Your browser is out-of-date!

Update your browser to view this website correctly. Update my browser now


What quitting your job won’t fix

Sign up for SmartBrief on Leadership today, free.

It was the third session I’d had with Lee, a talented engineer working for a large multinational firm. He had been selected to participate in a development program designed to expand his self-knowledge and business skill set, while broadening his organizational exposure through strong mentoring and sponsorship.

It was viewed as an accomplishment to be selected for the program, and many previous graduates received promotions within a year of completing the experience. Lee certainly had a shot at the same opportunity, but I became concerned about his likelihood of progression after yet another conversation in which he complained about his boss.

Lee worked for James, a demanding manager who was capable of taking on multiple projects at the same time. James had an enormous capacity for balancing deadlines and deliverables without letting the pace of things overwhelm him. Because he could run fast and hard, he thought others could do the same.

But Lee was floundering under the pressure. Not only couldn’t he keep up with the work requests James seemed to thrust upon him, Lee was also reluctant to say “no” when asked to do more. Consequently, he was routinely buried under a mountain of work that interfered with his personal time off and led to long hours.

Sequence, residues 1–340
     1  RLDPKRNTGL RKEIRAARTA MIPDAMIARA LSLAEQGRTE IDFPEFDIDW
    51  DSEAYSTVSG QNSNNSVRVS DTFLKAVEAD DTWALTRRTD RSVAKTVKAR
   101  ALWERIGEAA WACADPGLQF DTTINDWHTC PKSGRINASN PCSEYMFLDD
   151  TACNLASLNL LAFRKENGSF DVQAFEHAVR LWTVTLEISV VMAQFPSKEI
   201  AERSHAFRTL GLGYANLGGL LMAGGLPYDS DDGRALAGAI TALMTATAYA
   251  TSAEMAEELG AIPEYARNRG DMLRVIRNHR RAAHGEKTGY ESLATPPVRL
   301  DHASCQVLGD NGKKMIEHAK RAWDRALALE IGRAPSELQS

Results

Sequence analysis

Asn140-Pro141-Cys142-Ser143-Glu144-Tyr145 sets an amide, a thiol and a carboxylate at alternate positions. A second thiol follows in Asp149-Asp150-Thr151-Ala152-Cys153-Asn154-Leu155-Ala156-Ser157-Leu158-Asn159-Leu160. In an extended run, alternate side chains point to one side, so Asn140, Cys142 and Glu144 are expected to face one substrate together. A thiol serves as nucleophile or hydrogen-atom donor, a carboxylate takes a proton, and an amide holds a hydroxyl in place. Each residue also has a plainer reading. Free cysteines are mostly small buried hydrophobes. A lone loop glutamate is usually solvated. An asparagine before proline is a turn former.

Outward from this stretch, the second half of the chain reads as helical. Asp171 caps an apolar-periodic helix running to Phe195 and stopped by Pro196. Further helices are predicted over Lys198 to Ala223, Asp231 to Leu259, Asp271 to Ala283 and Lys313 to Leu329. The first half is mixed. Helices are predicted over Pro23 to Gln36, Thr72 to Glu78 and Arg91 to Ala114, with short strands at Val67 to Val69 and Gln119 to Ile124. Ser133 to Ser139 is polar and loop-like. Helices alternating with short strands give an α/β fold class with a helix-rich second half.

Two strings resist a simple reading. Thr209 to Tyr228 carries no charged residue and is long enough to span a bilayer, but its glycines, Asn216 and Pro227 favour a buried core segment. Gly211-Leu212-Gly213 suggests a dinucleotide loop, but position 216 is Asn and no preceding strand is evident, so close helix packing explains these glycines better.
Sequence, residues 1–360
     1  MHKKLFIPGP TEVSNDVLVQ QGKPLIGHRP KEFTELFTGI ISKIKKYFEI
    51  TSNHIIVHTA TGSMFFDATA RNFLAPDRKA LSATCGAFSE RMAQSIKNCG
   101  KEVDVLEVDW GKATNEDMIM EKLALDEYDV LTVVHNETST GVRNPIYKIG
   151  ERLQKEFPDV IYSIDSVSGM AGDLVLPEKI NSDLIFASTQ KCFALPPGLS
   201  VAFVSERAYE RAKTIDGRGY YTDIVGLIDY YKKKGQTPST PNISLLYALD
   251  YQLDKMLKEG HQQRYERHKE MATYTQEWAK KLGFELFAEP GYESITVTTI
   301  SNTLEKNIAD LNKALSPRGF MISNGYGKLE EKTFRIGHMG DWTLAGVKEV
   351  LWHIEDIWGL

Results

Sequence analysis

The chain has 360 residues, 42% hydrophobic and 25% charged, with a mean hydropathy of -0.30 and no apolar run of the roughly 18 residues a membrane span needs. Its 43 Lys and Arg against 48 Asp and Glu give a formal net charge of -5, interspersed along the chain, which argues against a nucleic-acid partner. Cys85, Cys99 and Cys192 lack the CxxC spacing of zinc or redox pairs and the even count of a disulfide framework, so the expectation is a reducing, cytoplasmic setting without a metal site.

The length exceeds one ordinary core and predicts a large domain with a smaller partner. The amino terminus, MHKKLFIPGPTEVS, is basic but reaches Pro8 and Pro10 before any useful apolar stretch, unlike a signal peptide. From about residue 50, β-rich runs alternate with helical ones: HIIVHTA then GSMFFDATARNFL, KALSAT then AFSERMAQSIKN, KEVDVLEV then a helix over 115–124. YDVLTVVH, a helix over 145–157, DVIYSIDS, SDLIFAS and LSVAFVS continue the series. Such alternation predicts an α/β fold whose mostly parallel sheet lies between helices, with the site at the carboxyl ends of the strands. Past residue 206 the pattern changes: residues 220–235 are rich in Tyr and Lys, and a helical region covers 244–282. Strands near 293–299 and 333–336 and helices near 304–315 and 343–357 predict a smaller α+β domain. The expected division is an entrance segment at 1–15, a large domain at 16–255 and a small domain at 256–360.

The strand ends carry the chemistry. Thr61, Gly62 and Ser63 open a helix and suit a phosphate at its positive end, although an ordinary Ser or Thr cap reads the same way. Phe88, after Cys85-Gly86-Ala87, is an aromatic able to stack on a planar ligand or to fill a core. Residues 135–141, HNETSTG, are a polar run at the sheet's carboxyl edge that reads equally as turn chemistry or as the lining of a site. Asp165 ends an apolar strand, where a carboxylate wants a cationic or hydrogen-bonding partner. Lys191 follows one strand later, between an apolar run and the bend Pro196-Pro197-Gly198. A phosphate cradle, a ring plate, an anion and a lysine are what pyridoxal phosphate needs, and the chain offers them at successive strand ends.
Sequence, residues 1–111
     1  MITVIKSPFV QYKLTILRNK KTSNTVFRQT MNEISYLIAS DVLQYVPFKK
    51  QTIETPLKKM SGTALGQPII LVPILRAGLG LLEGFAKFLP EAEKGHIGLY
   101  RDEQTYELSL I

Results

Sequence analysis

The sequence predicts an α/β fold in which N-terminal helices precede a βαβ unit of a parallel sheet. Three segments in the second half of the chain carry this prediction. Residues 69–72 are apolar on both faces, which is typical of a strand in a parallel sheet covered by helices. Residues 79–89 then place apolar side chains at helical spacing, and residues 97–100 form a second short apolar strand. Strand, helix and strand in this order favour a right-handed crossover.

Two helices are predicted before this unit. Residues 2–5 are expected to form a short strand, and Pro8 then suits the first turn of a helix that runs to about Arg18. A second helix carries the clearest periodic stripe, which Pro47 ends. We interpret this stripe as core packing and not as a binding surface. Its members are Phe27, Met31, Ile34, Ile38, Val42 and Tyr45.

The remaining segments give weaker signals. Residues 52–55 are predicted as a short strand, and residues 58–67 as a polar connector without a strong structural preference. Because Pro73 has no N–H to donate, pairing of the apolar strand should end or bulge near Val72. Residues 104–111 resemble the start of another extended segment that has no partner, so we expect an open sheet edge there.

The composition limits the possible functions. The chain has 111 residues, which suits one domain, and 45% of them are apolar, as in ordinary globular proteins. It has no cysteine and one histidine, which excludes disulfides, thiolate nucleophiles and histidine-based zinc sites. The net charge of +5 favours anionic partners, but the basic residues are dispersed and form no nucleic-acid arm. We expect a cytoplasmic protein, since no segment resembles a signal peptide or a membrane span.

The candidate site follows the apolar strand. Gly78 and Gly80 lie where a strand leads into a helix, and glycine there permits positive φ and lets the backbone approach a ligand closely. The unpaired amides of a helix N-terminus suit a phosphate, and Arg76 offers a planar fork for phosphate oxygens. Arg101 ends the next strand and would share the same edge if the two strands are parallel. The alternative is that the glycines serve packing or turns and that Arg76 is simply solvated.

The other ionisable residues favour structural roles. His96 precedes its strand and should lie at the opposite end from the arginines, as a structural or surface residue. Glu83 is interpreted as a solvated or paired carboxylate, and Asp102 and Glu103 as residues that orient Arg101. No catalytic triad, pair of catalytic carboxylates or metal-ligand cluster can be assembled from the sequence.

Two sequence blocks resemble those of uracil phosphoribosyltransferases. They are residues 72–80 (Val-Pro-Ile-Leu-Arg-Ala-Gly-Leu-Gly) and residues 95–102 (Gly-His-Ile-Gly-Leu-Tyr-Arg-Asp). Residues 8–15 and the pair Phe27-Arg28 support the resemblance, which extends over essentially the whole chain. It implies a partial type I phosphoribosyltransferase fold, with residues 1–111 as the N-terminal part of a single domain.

The speed of change in his organization was another challenge. It didn’t permit Lee to apply his usual methodical, process-oriented approach to getting things done. He had to be able to shift midstream from project to project to keep up with customer requirements. Consequently, Lee felt untethered from the methodologies that had allowed him to reach his current level of success. He feared that the way of operating he felt forced to adopt would lead to his failure.

Over time, these mounting pressures made Lee resentful of James. He viewed his boss as a tyrant who didn’t appreciate the burden his work demands put on Lee. Yet, when I asked if he’d shared what he was experiencing with James, Lee replied, “I haven’t exactly told him. I’ve applied for another job anyway, and I think I’m getting an offer next week.”

As I pondered how this situation had materialized and who had responsibility for changing it, Lee featured prominently in the equation. He was struggling with a few inner demons that had led him to his present circumstances, and those needed to be addressed. Secretly, Lee feared that James would think him incompetent for being unable to manage the workload. In addition, he expected James to read his mind and know instinctively what he needed and where he was in managing his projects.